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'WHO' actually produces springs for Ruger, etc...

Widder, SASS #59054

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Well, I can't tell you for sure who makes the springs for Ruger, but I can tell you there are many companies that specialize in making springs. Particularly coil springs as are used in Rugers.


It ain't like in the old days when Colt, Winchester, Marlin, S&W and all the rest did make their own flat springs. Making flat springs required cutting the spring to shape from spring steel and hardening and tempering it so that it became a spring.


Making coil springs requires spring winding equipment. Like this:


Spring Winding Equipment


It ain't rocket science, but there are plenty of companies out there today who specialize in coil springs so it makes sense that a manufacturer like Ruger would buy their springs from a spring company just as they buy their barrel blanks from a barrel company. It saves expense rather than investing in the equipment and training their people to make springs. With a spring company, you know exactly what you are getting and you don't have to go through the learning curve of training your own people to make them.


Spring companies have large catalogs of industry standard springs that a customer can choose from. Once an engineer knows the specifics of a spring he needs for a specific application it is pretty simple to choose a standard spring out of a catalog. I used to do it all the time. I would usually order a couple of springs that were close in size, so I could pick the one I wanted. In fact, I even had custom springs made up once or twice if I couldn't find a standard spring that would do what I needed. I used to buy springs from industrial supply houses like McMaster Carr too, but they were just reselling somebody else's springs.


In a case like Ruger's coil springs, the customer can also specify the exact parameters of a custom spring, such as diameter, uncompressed length, spring force, wire diameter, and number of coils. You can specify ground ends or unground ends and you can specify music wire or stainless.


With a company like Ruger, I suspect they went to one of the spring companies and specified exactly what they wanted, and got a good price because they were buying in quantity.


Here is a company that I used to buy springs from all the time for various engineering products. There are dozens of companies just like this out there.


Spec Springs


Frankly, I have always wondered if the aftermarket gun spring companies like Wolff were making their own springs, or were simply buying them from a spring company.

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Frankly, I have always wondered if the aftermarket gun spring companies like Wolff were making their own springs, or were simply buying them from a spring company.


When I changed out the springs on my Vaqueros - I refused to pay the price for "Aftermarket Firearms Springs".

I made a trip to the local hardware store and checked out their boxes of coil springs (this is still a real hardware - that has cases of loose hardware). I had the original spring with me and compared coil diameters, wind density and anything thing else that my feeble mind could differentiate. I ended up buying four or five @25 cents apiece. Took these home and tried each one for their feel.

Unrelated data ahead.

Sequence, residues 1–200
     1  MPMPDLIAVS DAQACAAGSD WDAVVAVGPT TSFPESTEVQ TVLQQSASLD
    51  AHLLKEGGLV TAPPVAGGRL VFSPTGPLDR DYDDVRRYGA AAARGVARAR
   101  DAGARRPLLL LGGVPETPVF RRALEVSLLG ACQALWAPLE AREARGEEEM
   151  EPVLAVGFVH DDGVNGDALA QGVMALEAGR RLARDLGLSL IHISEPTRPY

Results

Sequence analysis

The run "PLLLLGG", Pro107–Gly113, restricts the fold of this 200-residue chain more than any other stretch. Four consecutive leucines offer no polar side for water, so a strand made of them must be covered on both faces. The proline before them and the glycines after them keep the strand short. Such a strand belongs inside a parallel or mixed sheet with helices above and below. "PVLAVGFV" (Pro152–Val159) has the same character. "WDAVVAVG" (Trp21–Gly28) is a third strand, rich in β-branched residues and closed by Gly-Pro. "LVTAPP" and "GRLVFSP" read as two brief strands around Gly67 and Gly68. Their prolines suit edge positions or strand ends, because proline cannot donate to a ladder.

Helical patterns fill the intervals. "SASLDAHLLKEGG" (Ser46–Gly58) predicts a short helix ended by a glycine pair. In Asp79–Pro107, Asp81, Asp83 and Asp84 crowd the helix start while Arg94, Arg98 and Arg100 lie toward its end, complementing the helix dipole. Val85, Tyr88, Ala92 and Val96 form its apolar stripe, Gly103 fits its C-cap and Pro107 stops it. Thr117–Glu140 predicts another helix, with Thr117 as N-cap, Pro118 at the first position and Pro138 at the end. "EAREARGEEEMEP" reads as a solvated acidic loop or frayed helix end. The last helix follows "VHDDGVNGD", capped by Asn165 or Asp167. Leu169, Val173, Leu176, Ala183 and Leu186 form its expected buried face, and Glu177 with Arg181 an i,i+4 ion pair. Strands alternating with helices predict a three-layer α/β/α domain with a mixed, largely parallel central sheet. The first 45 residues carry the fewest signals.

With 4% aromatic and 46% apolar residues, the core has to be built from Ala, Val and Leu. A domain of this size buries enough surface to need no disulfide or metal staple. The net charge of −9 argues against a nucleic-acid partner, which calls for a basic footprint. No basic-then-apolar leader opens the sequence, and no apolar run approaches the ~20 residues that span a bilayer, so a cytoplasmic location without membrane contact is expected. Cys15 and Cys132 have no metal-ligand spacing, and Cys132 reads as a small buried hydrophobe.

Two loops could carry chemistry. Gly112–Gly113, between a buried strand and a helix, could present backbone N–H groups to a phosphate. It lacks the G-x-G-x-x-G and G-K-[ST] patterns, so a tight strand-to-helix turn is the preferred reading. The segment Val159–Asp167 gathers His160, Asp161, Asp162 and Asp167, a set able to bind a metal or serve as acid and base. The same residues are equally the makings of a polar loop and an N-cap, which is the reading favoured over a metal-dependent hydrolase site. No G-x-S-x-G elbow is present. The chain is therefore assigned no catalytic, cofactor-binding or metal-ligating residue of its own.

When I found one that felt good and reliably popped primers, I went back to the store and bought enough to change over all my (and my Dads)Rugers single actions (20+ pieces). To do all of these guns, the springs cost me less than $5.00.

I have fixed/ tuned any number of guns that required coil springs with hardware store spring purchases (Rugers, Smith J- Frames, SxS shotguns, etc.).


And if someone (like myself) without any engineering background or the math skills to figure spring rates can find reliable bulk springs for a little bit of nothing... I figure someone knowledgable could do the same.

And buying bulk springs for 25 cents - repackaging them and selling them for $15.00 seems like a smarter business plan than buying spring winding equipment, bulk wire and hiring trained operators.

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I hunted with fellar last October who owns such a company. Only his business is punching and stamping of parts. In talking with him he stated that his company, which was started by his father has made stanped and punched parts for alot of gun manufactures. Mostly revolver hands,bolts and safety parts or rifles thas well as other parts. He stated that this possible today due to the precission of stamps, dies and the tools. Bob's claim was that he could run tolerances or .001 or less in some cases. Pretty dang impressive for high speed manufacturing.

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$5 isn't much to pay for a spring that is already designed with proper length and precise tension for a gun...




GG ~ :FlagAm:



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Springs are a commodity that is offered for sale in many configurations, and as above, can be special ordered as well (cubic dollar rules apply)


Look at Reid Supply http://www.reidsupply.com/Results.aspx?pid=10021841


For a well-done website to help you select springs. If you need several, the best way to buy springs is by the foot. You get a spring of the right diameter, wire size and strength, in 2 or 3 foot length, and use yer handy dandy dremel cut off wheel to cut as needed.


I would assume major makers today don't mess with making small springs. They likely buy em in bulk to order.

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